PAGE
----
Lundbeck to enter into a partnership with world-renowned research institute
Posted: 2 April 2014 | Lundbeck | No comments yet
H. Lundbeck A/S, together with a number of other companies, is now entering into a collaboration with the Lieber Institute, which has the world’s largest collection of human brains from patients with psychiatric disorders…
H. Lundbeck A/S (Lundbeck), together with a number of other companies, is now entering into a collaboration with the Lieber Institute, which has the world’s largest collection of human brains from patients with psychiatric disorders. This collaboration will enable Lundbeck’s researchers to take decisive steps towards new and better treatment of the debilitating and life-long brain disease that is schizophrenia.
This joint project provides a unique opportunity to investigate how genes affect brain development and disorders of the brain. Based on knowledge of the biology of brain disease, researchers will simply be able to look at the brains of both sick and healthy individuals and establish a nuanced picture of how the biology of the disease can be expressed.
“We are excited to be involved in this project, because, for the very first time, we will have the opportunity to study the impact that genes have on the development of human brain tissue in the areas of the brain that are connected with schizophrenia. This will increase our understanding of what is going wrong in the diseased brain and also improve our chances of developing new drugs,” Kim Andersen, Vice President of Research for Lundbeck, said.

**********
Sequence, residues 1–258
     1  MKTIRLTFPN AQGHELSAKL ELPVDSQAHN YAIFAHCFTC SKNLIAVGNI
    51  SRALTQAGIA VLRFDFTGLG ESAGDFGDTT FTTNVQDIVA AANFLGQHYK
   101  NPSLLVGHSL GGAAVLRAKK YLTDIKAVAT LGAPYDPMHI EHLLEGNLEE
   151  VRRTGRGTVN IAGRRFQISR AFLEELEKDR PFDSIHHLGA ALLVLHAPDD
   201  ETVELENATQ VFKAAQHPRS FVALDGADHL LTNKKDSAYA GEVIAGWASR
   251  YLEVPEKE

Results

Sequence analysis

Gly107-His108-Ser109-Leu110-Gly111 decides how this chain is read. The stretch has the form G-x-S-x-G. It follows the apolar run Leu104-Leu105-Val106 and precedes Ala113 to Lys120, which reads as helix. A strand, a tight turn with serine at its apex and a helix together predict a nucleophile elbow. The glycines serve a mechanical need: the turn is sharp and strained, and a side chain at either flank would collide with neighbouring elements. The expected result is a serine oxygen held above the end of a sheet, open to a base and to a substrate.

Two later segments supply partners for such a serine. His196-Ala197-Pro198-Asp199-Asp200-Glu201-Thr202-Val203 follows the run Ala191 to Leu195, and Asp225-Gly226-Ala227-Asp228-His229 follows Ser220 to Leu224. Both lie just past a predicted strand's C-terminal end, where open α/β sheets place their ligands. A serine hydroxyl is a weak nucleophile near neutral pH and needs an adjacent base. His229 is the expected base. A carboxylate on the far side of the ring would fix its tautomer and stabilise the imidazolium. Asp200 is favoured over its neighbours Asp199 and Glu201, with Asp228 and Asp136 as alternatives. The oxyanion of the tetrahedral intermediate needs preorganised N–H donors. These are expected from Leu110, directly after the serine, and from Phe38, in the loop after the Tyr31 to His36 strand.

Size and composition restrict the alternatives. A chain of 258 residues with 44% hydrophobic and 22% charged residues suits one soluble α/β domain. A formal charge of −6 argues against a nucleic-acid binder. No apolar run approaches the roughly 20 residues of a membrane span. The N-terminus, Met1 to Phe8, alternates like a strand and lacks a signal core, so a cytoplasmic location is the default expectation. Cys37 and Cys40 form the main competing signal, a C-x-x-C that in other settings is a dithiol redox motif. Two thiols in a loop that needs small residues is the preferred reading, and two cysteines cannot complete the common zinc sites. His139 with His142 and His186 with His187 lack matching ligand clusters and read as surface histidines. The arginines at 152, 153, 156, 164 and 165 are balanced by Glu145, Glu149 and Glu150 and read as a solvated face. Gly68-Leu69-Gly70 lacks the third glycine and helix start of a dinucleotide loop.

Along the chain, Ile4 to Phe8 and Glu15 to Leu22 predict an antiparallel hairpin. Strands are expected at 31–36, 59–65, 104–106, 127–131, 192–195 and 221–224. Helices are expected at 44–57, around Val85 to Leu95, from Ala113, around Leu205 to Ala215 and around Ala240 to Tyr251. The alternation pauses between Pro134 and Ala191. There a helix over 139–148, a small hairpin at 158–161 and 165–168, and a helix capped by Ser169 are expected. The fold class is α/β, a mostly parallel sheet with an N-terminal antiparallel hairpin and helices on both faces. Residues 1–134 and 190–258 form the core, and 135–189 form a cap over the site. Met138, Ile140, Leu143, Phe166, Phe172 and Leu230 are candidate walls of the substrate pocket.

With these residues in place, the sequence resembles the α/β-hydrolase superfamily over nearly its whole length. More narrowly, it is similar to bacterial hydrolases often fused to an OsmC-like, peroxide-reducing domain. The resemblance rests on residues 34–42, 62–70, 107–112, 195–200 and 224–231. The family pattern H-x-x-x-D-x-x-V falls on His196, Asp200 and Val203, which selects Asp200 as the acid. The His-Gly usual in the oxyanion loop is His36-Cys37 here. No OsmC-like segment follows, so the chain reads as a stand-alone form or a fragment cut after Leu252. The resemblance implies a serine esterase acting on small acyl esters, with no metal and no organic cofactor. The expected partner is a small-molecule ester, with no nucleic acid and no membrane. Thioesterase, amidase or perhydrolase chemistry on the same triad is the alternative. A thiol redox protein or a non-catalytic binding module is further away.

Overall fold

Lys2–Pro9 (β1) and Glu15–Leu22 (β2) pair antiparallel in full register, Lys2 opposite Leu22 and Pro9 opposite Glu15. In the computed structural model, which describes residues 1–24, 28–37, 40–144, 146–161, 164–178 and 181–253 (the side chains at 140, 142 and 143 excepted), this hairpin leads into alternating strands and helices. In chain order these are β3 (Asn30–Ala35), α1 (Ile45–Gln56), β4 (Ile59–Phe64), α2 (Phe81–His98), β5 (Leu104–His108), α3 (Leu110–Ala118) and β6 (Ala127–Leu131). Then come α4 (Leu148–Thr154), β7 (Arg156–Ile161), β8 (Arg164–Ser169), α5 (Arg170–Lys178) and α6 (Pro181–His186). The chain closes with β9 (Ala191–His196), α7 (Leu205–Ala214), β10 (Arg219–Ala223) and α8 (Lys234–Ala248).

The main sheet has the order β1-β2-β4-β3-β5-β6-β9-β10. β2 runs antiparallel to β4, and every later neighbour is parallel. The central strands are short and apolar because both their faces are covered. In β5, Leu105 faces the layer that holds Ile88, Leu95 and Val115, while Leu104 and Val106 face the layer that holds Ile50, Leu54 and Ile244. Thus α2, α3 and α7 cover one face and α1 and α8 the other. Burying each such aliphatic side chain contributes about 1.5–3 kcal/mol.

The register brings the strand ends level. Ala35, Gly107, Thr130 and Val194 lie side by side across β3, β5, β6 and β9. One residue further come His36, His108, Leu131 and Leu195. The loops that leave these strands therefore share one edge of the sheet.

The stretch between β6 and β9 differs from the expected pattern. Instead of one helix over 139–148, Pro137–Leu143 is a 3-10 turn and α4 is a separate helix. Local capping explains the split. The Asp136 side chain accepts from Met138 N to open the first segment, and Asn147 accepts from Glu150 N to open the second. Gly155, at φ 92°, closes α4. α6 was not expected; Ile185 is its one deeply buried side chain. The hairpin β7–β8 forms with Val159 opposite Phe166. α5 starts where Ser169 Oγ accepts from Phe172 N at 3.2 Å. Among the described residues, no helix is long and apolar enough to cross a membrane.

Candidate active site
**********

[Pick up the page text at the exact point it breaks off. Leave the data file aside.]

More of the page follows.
The goal is to make quick progress
The Lieber Institute for Brain Development has the world’s most extensive and exquisitely curated collection of human brain specimens, over 1300 brains, including across the normal human lifespan and hundreds of brain samples from individuals who had developmental brain disorders during their lives.
Researchers involved in this project will identify the biological and genetic processes that control development of the healthy brain and how these processes go wrong in brain disorders. ´The goal is to make quick progress in the understanding of how brain disorders develop and how they can be treated more effectively.
“Our goal in creating this collaboration with the private industry is to speed discoveries that may improve the lives of individuals suffering from brain disorders,” said Daniel R. Weinberger, M.D., Director and CEO of the Lieber Institute. “This consortium is a bold initiative with the potential to have broad relevance across the spectrum of human brain disorders. By uniting diverse scientists from different sectors, we have created a new model of cooperative research that is designed to accomplish ambitious goals with efficiency and focus.”
In addition to Lundbeck the project also involves the pharmaceutical companies Astellas, Pfizer, Roche and Eli Lilly. Researchers from these otherwise competing companies will openly cooperate with researchers from the Lieber Institute on advancing brain-science and only there after start competing on developing new medicines.